EQIRA: Empirical and Quantitative Investment Research and Analysis

Hedge Funds Weekly: September 21, 2015

The following is an excerpt from our Hedge Funds Weekly report, which is available in the clients section. If you are not yet a client, please request access.

Hedge Fund Performance

Our factor-based estimates project that hedge funds gained 0.05% last week while our factor-attribution analysis indicates that foreign equity spreads were the primary returns drivers. The outperformance of foreign equities relative to US equities contributed 0.15% and emerging equity outperformance contributed another 0.14%. The gains were sufficient to overcome losses from foreign exchange and multi-asset class factors, as well as four basis points of lost alpha. Hedge funds’ collective month-to-date and year-to-date performance now stands at -0.04% and +0.58%, respectively.


Global Benchmarks

Other than the utilities sector, which gained 2.53%, developed market equity returns were modest last week. Emerging market equities, however, rallied, gaining 3.09% in aggregate. They were fueled in part by a 1.22% gain in emerging currencies relative to the US dollar. Our Emerging Europe, Middle East, and Africa equity index led all benchmarks with a gain of 4.04%.

US Treasuries added 0.26%, while foreign developed government bonds rose 1.02% as the US dollar fell 0.96% against foreign currencies. Emerging bonds rose 0.64%, but only because of the gain in emerging currencies.

Real estate also did well, with US REITs adding 3.06% and foreign real estate rising 1.51%.

Although commodities collectively fell 1.56%, precious metals and gold increased 3.37% and 3.13%, respectively. Agriculture (-1.66%), base metals (-2.42%), and energy (-2.01%) were not so fortunate.

All of our multi-asset class benchmarks rose. Our global 60/40 and risk parity indexes added 0.65% and 1.44%, respectively. The US versions fared slightly worse, gaining only 0.10% and 0.74%.


Market Factors

Note: we report factor performance using excess returns risk-adjusted to an expected annual standard deviation of 10%.

Foreign currencies led the way as, risk-adjusted, emerging currencies gained 2.42% and developed currencies added 1.42% relative to the US dollar. Foreign exchange alternative betas were not so fortunate, however. FX momentum lost 1.76% and FX value declined 1.59%.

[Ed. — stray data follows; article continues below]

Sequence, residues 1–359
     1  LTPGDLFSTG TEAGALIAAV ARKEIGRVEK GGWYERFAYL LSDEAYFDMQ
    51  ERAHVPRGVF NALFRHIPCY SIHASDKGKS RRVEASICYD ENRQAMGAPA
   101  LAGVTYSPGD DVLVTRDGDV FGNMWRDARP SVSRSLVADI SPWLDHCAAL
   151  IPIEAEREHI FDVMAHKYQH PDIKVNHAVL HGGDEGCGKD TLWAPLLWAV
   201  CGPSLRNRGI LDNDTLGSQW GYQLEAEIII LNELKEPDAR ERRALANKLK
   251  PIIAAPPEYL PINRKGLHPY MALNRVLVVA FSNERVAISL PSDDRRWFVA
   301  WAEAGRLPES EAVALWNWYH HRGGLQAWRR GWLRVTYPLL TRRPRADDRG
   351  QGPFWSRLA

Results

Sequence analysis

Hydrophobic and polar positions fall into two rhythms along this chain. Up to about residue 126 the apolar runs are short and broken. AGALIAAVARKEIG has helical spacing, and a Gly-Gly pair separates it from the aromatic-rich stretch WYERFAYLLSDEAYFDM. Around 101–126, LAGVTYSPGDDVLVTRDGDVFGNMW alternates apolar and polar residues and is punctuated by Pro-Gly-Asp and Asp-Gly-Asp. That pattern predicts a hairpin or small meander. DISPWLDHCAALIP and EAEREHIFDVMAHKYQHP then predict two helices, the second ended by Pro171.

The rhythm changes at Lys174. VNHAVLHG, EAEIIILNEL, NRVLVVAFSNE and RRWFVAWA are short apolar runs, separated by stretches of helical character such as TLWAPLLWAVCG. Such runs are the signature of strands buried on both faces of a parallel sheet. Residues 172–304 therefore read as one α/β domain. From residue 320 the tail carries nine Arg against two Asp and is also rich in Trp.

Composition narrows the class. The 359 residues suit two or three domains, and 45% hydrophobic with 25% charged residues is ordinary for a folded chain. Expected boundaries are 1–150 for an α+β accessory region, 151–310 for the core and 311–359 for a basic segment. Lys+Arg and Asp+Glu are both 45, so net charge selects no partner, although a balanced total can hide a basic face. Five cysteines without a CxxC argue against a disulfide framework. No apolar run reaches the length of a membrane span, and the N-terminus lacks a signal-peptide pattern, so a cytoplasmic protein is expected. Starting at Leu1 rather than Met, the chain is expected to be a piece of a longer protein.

US real estate was strong, as REITs outperformed equities by 2.01%. Foreign real estate lagged domestic real estate by 1.57%.

Equity and fixed income factor performance was relatively modest, outside of a 2.25% gain in emerging market stocks relative to foreign developed stocks, a 1.91% increase in US utilities in excess of the broad US market, and a 1.07% gain in developed government bonds relative to US Treasuries.

Credit factors were generally weak, as investors seemed reluctant to take on credit risk.

Commodities broadly underperformed, losing 0.95%. Gold rose 1.80%, however, and all of our momentum, trend following, and term structure factors posted gains.


August 2015 Estimate Review

The indexes underlying our hedge fund composite indexes have nearly completed reporting preliminary August returns. As currently stands, we have correctly predicted the direction of 28 of 30 strategies. Nine estimates are within 25 basis points of the true index return; eight more are within 50 basis points. Our hit rate is above average, but our accuracy is a bit below average, which is not surprising given the volatility and magnitude of last month’s returns.

Our initial estimate of -1.93% for our broad hedge fund index return differs from the current estimate of -2.04% by only 11 basis points, which is quite good considering the size of the return. Thus far, we have overestimated performance in 18 strategies, most significantly in Emerging Asia (1.97%), Equity Value (1.87%), and Special Situations (1.01%), and underestimated performance in 12, most significantly in Equity Short-Bias (3.58%), Europe (1.32%) and Emerging Europe (1.29%).

The magnitude of the Equity Short-Bias estimate error is very surprising. Its size, coupled with the fact that the index gain of 5.53% is higher than the inverse of the Equity Long Only return of -4.64%, even after fees, suggests that short-biased funds were likely employing leverage, perhaps in the form of long puts.

Overall, our forecasts have resulted in an 89% reduction in variance relative to naïve forecasts of flat returns. The reduction is greater than normal, but again somewhat expected due to the size of the month’s returns.

Much like last month, we are seeing an unusually high divergence in strategy returns between index providers. The current spread between the highest and lowest return in Equity Short-Bias, for example, is a stunningly high 11.21%. The spread is a strong argument in favor of using composite indexes of indexes to evaluate hedge fund returns, rather than individual indexes.



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